The primary advantage for consumers living in a country with an open economy is obvious in that they have a much larger variety of goods to choose from. The caveat here must be “if they can afford to buy them.” Additionally, these consumers may also invest financially outside of the country. Regarding country as a political entity, it is not required to equal its output of goods and services and can, if it wishes, spend more money than it itself produces within its economy by borrowing from abroad, or it can spend less than it produces and lend the difference to other countries.
A primary example of this previous statement is the United States as the former country mentioned, and China as the latter, a situation widely discussed and criticized by many as detrimental to the future economic and political stability of our nation as well as its security. ChinaDaily.com quotes President Obama. “The long-term deficit and debt that we have accumulated (with China) is unsustainable. We cant keep on just borrowing from China... We have to pay interest on that debt and that means that were mortgaging our childrens future with more and more debt" (para. 2-3). At over $700 billion in U.S. government securities, and despite its own mixed participation in the open economy which discourages foreign investment, China is the single largest holder of U.S. debt. With a budget deficit of over 1.8 trillion, the US continues to import Chinese goods and allow it access to investment and debt purchase at a disproportionately alarming rate. With the world economy shrinking, concerns are many that China will either stop buying our debt or call in markers we are unable to pay.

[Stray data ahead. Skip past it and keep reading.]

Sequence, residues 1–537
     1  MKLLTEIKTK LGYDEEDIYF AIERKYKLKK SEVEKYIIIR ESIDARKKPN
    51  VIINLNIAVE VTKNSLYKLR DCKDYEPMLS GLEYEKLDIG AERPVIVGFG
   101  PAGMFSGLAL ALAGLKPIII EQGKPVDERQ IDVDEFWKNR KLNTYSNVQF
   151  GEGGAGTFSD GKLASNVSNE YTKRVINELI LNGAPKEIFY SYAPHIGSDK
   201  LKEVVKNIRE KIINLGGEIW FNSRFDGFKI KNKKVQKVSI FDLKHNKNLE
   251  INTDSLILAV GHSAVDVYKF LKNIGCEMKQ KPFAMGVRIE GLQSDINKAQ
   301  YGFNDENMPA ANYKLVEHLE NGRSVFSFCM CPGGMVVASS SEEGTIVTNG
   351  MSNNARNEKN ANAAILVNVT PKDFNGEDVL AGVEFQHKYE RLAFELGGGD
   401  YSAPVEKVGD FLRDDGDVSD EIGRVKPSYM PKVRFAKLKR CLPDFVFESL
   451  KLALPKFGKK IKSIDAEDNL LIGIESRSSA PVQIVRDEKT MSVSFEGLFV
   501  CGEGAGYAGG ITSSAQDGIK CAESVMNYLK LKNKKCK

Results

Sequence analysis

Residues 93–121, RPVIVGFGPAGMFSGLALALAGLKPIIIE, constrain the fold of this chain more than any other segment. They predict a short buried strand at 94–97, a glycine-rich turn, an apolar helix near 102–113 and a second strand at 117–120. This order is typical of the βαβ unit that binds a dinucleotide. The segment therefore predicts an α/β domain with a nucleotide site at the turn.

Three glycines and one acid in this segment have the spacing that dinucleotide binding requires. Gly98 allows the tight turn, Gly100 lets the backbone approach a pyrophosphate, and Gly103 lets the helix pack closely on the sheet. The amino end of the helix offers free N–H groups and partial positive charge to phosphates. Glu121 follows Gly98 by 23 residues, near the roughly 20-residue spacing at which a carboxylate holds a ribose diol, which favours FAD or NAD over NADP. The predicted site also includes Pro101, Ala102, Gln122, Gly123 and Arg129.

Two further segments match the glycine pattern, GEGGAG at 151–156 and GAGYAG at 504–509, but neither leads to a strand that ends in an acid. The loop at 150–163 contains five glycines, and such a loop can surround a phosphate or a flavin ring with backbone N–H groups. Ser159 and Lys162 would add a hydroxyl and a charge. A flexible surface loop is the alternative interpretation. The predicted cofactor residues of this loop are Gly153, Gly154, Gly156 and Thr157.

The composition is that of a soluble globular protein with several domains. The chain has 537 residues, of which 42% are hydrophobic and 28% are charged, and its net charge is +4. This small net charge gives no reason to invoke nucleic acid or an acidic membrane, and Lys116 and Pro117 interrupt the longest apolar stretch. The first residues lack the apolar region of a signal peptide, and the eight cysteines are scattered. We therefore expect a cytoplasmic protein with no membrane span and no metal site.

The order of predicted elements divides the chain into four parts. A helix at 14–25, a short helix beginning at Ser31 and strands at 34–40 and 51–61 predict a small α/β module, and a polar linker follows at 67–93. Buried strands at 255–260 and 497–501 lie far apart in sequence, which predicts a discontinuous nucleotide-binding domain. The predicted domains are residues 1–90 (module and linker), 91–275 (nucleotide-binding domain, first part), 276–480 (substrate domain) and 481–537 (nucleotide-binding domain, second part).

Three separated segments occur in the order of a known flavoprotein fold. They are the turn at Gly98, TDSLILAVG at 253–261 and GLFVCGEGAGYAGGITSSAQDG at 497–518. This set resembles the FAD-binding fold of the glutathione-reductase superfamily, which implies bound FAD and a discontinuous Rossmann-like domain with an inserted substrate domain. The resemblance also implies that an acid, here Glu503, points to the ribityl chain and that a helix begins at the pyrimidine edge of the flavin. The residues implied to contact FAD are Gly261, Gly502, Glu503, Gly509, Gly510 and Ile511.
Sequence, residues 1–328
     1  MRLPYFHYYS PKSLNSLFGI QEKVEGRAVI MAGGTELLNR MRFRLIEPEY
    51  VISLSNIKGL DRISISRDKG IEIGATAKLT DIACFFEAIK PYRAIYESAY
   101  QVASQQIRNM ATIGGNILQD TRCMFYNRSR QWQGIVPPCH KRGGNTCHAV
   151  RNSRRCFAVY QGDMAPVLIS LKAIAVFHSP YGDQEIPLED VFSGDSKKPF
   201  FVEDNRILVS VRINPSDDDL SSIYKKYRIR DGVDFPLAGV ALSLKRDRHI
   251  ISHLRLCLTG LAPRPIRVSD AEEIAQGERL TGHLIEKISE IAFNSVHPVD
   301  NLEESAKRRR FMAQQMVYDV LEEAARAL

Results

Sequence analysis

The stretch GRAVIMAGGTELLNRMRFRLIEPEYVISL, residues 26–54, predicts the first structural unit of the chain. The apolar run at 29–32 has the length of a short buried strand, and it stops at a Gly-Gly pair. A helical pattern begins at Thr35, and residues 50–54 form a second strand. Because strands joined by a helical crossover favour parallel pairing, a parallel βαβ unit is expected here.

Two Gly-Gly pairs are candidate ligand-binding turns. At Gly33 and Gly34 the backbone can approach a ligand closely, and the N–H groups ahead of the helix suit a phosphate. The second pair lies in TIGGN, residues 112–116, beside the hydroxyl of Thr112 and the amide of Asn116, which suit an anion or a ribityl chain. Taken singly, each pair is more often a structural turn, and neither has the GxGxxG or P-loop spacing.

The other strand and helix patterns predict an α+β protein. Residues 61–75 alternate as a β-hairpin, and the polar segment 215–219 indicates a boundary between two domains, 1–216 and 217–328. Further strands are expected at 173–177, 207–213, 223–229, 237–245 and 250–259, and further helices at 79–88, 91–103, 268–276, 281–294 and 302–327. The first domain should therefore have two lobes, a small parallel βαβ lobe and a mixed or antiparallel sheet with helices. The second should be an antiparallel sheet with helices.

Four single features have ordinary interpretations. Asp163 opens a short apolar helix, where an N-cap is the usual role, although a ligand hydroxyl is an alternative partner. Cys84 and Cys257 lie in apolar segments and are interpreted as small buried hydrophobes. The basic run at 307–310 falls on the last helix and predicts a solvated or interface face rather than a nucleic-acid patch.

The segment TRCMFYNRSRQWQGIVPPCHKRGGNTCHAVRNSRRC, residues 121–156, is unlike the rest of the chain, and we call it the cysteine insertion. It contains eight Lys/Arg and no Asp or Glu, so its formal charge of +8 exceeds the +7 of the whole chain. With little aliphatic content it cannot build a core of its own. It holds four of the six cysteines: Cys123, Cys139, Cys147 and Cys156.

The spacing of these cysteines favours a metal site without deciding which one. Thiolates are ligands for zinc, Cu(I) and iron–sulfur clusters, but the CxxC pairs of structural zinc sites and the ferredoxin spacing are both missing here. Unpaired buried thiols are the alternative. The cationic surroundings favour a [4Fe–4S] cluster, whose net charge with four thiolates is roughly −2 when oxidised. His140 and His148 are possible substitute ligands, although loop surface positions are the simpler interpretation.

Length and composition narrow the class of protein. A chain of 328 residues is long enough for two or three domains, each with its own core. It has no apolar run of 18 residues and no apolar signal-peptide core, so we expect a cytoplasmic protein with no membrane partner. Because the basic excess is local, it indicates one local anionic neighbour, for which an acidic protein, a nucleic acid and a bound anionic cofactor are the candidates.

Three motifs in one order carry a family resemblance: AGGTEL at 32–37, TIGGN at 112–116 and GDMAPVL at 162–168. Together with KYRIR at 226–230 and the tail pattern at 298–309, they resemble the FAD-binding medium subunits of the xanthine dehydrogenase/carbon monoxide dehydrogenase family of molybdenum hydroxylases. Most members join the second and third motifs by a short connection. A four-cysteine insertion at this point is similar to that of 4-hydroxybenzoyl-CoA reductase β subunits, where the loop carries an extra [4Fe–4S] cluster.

Much of what is touted about the benefits of open economy to poorer nations is largely theoretical. Chidambaran in India in Transition presents a positive view of the